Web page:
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Ford Motor Co., one of the world’s leading automobile makers, has been pouring boatloads of cash into its electric vehicle (EV) unit -- Ford Model e -- for some time now. According to recent reports, the new EV unit has been losing billions of dollars, leading some to question the company’s strategy. But should we be quick to characterize the venture as a failure? The answer may be more complex than it seems.

For starters, it’s important to understand the structure of Model e – which is essentially a startup within a bigger, established company. Like any new venture, it takes time to cultivate and refine a business model that works. That's especially true in the world of electric vehicles, an industry that is highly competitive and constantly evolving.

Furthermore, the Model e has taken on some of the most ambitious projects in the EV space -- such as the F-150 pickup truck, an electric Transit commercial van, and the Mustang Mach E SUV. As Ford's CFO, John Lawler, explained, “After 120 years, we've essentially re-founded Ford. We're embracing technology and competitive disruption in our industry, fundamentally changing how we're thinking, how we're making decisions, and how we're running the company.”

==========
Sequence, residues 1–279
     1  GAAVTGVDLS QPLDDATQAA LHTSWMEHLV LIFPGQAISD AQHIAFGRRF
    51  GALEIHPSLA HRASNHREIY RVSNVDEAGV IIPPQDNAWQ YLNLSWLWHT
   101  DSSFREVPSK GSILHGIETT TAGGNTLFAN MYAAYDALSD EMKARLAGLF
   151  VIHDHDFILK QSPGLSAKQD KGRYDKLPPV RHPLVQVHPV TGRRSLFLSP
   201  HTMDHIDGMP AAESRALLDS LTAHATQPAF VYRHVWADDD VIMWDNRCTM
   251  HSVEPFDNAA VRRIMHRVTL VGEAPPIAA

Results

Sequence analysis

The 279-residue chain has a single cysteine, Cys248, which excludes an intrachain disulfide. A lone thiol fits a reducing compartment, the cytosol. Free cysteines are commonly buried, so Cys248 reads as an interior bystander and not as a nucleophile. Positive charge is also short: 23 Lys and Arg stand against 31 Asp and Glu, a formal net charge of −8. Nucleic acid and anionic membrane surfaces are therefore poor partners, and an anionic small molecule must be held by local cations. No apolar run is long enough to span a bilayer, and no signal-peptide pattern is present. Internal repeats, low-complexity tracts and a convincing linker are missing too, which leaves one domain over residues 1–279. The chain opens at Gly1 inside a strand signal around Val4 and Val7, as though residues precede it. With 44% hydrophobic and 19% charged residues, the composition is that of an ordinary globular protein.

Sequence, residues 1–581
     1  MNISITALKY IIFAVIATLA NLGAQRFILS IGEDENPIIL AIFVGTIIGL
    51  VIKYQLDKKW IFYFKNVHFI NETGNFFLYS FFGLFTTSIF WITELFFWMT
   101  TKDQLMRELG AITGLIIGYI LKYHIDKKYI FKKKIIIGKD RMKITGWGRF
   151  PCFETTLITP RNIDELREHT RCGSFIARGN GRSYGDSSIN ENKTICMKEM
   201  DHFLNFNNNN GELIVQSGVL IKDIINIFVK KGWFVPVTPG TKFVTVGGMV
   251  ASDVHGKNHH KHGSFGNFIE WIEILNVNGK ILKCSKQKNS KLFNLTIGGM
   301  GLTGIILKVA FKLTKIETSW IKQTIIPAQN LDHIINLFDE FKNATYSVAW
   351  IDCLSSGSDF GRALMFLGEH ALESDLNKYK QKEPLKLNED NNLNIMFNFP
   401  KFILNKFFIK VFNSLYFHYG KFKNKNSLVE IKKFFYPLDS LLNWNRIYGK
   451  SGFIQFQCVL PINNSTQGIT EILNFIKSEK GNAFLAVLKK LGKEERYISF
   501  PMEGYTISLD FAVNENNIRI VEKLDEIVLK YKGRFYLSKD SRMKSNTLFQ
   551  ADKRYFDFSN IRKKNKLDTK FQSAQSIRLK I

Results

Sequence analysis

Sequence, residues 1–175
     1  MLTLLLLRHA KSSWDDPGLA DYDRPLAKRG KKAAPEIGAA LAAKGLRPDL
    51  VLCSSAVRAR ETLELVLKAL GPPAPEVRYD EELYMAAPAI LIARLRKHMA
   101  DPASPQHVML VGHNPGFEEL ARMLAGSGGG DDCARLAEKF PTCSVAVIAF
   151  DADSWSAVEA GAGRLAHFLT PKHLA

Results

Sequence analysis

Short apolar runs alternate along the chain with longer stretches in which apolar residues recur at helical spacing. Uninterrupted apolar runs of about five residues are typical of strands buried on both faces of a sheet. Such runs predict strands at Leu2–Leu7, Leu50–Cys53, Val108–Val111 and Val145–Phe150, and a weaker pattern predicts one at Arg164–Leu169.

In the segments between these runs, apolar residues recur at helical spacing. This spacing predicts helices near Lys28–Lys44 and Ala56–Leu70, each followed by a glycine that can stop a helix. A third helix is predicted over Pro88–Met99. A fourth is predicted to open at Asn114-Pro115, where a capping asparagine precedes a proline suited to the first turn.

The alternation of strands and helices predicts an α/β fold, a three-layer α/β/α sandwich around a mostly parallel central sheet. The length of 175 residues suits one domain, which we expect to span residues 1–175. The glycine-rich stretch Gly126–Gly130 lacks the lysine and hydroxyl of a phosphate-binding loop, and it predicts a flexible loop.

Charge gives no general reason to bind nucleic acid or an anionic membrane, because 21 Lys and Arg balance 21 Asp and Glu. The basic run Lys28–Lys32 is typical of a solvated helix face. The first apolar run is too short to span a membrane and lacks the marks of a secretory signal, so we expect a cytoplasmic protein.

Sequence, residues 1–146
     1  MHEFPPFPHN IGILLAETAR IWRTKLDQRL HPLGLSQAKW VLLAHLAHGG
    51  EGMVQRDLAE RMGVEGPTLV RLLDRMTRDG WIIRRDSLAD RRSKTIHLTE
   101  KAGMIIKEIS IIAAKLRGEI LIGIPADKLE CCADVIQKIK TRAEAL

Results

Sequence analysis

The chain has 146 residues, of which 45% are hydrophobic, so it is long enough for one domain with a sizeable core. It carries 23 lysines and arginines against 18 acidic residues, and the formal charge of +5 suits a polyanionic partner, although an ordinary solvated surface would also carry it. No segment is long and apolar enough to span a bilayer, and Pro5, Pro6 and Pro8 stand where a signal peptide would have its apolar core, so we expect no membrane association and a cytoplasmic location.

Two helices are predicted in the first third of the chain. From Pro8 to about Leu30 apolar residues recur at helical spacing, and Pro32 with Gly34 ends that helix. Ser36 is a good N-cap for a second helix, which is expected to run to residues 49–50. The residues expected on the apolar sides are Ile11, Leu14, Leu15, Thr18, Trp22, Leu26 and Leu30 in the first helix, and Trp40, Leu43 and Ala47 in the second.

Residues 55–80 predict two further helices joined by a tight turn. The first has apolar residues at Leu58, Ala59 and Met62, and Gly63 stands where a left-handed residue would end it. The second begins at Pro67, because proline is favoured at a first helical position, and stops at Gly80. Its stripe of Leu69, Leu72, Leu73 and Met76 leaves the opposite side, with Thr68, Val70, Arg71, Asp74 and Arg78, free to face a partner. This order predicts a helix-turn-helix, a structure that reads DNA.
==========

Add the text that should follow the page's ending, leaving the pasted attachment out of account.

The Model e is expected to be in the red by about $3 billion this year. However, it is important to view those losses in the context of Ford’s overall strategy. The company is betting big on EV – given that it sees a future wherein EVs are the norm, rather than the exception.

Other EV startups have experienced similar scaling difficulties. For example, Lucid Motors ($473 million loss in the fourth quarter) and Rivian (net loss of $3.1 billion in the first quarter) have struggled to achieve mass production.

Ultimately, the success of Model e rests on several factors, including the evolution of technology, the ability to gain market share, scale production, and the willingness of consumers to adapt to the developments in the industry.

While Model e losses concern many analysts and investors, Ford continues to press forward. And as the automobile industry continues its shift from fossil fuels, it seems clear that Ford is committed to playing a significant role in that transition.

What’s next for Ford and the Model e? Only time will tell. But in the interim, can you just feel the electricity?

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